where V is a finite-dimensional vector space. These are, up to a similarity transformation, uniquely given by[nb 26]






where 1n is the n-dimensional unit matrix and

are the (2n + 1)-dimensional irreducible representations of also termed spin matrices or angular momentum matrices. These are explicitly given as[87]

where δ denotes the Kronecker delta. In components, with ma, a′m, nb, b′n, the representations are given by[88]

Common representations[edit]
Irreducible representations for small (m, n). Dimension in parenthesis.
m = 0 1/2 1 3/2
n = 0 Scalar (1) Left-handed Weyl spinor (2) Self-dual 2-form (3) (4)
1/2 Right-handed Weyl spinor (2) 4-vector (4) (6) (8)
1 Anti-self-dual 2-form (3) (6) Traceless symmetric tensor (9) (12)
3/2 (4) (8) (12) (16)

Off-diagonal direct sums

Since for any irreducible representation for which mn it is essential to operate over the field of complex numbers, the direct sum of representations (m, n) and (n, m) have particular relevance to physics, since it permits to use linear operators over real numbers.

The group[edit]

The approach in this section is based on theorems that, in turn, are based on the fundamental Lie correspondence.[91] The Lie correspondence is in essence a dictionary between connected Lie groups and Lie algebras.[92] The link between them is the exponential mapping from the Lie algebra to the Lie group, denoted The general theory is summarized in technical introduction to finite-dimensional representation theory.

If for some vector space V is a representation, a representation Π of the connected component of G is defined by






This definition applies whether the resulting representation is projective or not.

Surjectiveness of exponential map for SO(3, 1)[edit]

From a practical point of view, it is important whether the first formula in (G2) can be used for all elements of the group. It holds for all , however, in the general case, e.g. for , not all gG are in the image of exp.

But is surjective. One way to show this is to make use of the isomorphism the latter being the Möbius group. It is a quotient of (see the linked article). The quotient map is denoted with The map is onto.[93] Apply (Lie) with π being the differential of p at the identity. Then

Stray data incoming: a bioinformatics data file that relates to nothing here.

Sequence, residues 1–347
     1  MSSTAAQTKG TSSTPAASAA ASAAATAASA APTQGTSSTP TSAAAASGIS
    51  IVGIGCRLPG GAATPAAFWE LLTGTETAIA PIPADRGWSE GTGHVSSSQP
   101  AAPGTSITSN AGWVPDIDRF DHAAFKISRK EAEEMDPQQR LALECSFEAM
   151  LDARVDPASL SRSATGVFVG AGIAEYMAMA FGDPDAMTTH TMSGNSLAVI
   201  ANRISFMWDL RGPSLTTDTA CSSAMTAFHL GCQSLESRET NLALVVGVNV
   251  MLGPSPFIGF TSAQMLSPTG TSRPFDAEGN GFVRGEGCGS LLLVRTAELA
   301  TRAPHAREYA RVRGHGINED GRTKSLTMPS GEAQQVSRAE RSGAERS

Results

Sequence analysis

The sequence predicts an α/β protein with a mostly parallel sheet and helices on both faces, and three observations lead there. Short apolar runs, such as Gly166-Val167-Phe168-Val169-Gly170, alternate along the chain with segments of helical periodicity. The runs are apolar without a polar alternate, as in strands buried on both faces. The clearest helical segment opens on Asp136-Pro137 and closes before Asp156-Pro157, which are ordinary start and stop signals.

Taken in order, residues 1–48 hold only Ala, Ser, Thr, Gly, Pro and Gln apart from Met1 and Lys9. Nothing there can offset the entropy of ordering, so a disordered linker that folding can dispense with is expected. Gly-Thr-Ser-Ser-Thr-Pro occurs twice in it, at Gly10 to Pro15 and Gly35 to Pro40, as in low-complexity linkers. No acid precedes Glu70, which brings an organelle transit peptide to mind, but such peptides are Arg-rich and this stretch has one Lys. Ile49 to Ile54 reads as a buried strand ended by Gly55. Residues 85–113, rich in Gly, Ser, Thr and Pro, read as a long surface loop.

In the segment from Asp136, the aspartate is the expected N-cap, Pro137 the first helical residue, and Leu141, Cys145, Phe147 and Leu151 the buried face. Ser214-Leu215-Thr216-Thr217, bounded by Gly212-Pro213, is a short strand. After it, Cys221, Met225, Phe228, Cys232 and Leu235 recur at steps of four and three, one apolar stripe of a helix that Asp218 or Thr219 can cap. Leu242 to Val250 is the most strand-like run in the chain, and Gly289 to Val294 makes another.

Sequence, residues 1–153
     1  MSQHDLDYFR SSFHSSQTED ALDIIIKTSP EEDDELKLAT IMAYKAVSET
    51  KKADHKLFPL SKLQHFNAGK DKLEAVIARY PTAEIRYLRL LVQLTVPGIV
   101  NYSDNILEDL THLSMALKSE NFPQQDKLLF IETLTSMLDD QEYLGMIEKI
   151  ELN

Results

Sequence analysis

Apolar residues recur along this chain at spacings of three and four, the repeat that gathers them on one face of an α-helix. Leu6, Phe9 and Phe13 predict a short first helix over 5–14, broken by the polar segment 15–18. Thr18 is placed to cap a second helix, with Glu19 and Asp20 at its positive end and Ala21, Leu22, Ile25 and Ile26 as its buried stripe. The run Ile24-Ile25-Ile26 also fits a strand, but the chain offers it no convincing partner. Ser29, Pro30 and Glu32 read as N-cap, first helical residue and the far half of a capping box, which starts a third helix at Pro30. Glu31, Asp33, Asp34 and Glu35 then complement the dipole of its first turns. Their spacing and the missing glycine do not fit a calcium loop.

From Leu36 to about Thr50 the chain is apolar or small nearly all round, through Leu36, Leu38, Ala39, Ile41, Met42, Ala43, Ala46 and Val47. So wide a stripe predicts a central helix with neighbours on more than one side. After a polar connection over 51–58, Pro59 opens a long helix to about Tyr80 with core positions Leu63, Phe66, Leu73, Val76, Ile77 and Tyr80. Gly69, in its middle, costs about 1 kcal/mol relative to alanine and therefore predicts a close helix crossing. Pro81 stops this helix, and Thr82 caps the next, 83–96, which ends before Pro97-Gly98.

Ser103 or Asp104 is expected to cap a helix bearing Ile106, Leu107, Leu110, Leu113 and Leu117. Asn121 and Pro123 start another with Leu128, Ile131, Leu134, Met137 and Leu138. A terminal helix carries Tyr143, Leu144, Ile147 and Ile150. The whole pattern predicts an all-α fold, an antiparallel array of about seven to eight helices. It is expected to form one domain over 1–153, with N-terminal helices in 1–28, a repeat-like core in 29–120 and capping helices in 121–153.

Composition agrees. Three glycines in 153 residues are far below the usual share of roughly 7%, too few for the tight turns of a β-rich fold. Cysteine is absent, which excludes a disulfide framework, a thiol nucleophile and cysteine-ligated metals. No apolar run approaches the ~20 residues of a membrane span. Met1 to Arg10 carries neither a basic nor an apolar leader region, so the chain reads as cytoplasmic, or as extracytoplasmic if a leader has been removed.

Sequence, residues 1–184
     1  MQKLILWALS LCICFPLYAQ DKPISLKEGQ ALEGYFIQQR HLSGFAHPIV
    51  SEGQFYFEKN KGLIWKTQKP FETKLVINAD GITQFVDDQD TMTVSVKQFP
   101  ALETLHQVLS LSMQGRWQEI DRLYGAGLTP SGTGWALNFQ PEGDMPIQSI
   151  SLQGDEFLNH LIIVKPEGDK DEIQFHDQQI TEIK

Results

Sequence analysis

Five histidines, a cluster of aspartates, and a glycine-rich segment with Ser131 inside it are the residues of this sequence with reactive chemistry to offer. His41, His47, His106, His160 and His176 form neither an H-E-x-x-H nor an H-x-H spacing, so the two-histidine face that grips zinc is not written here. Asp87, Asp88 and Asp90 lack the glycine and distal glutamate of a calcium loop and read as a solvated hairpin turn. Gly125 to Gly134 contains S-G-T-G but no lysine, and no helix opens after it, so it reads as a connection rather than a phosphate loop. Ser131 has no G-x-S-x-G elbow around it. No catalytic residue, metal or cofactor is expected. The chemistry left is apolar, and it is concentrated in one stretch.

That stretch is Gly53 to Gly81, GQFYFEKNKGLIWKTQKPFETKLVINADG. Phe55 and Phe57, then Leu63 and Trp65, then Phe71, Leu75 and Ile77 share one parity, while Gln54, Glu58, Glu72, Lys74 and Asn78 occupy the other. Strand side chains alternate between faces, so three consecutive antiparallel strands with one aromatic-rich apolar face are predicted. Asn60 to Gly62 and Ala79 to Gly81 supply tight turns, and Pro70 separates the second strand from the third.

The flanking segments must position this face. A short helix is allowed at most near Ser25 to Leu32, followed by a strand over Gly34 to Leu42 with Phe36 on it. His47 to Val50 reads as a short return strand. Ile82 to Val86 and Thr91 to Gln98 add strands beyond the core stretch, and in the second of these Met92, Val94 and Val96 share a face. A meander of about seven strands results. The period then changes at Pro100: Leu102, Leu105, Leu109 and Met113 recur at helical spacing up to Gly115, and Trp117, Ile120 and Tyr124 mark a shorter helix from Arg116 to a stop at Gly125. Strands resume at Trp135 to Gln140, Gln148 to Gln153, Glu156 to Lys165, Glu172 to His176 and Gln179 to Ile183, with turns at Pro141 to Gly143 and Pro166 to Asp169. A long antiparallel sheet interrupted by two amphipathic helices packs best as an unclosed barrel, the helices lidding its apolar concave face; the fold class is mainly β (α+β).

Since the left hand side is surjective (both exp and p are), the right hand side is surjective and hence is surjective.[94] Finally, recycle the argument once more, but now with the known isomorphism between SO(3; 1)+ and to find that exp is onto for the connected component of the Lorentz group.

Fundamental group[edit]

The Lorentz group is doubly connected, i. e. π1(SO(3; 1)) is a group with two equivalence classes of loops as its elements.

Projective representations[edit]

Since π1(SO(3; 1)+) has two elements, some representations of the Lie algebra will yield projective representations.[97][nb 30] Once it is known whether a representation is projective, formula (G2) applies to all group elements and all representations, including the projective ones — with the understanding that the representative of a group element will depend on which element in the Lie algebra (the X in (G2)) is used to represent the group element in the standard representation.

For the Lorentz group, the (m, n)-representation is projective when m + n is a half-integer. See the section spinors.

For a projective representation Π of SO(3; 1)+, it holds that[96]






since any loop in SO(3; 1)+ traversed twice, due to the double connectedness, is contractible to a point, so that its homotopy class is that of a constant map. It follows that Π is a double-valued function. It is not possible to consistently chose a sign to obtain a continuous representation of all of SO(3; 1)+, but this is possible locally around any point.[36]

The covering group SL(2, C)[edit]

Consider as a real Lie algebra with basis

where the sigmas are the Pauli matrices. From the relations






is obtained






which are exactly on the form of the 3-dimensional version of the commutation relations for (see conventions and Lie algebra bases below). Thus, the map Jiji, Kiki, extended by linearity is an isomorphism. Since is simply connected, it is the universal covering group of SO(3; 1)+.

Non-surjectiveness of exponential mapping for SL(2, C)[edit]

This diagram shows the web of maps discussed in the text. Here V is a finite-dimensional vector space carrying representations of and is the exponential mapping, p is the covering map from onto SO(3; 1)+ and σ is the Lie algebra isomorphism induced by it. The maps Π, π and the two Φ are representations. the picture is only partially true when Π is projective.

The exponential mapping is not onto.[100] The matrix






is in but there is no such that q = exp(Q).[nb 34]

In general, if g is an element of a connected Lie group G with Lie algebra then, by (Lie),






The matrix q can be written






Realization of representations of SL(2, C) and sl(2, C) and their Lie algebras[edit]

The complex linear representations of and are more straightforward to obtain than the representations. They can be (and usually are) written down from scratch. The holomorphic group representations (meaning the corresponding Lie algebra representation is complex linear) are related to the complex linear Lie algebra representations by exponentiation. The real linear representations of are exactly the (μ, ν)-representations. They can be exponentiated too. The (μ, 0)-representations are complex linear and are (isomorphic to) the highest weight-representations. These are usually indexed with only one integer (but half-integers are used here).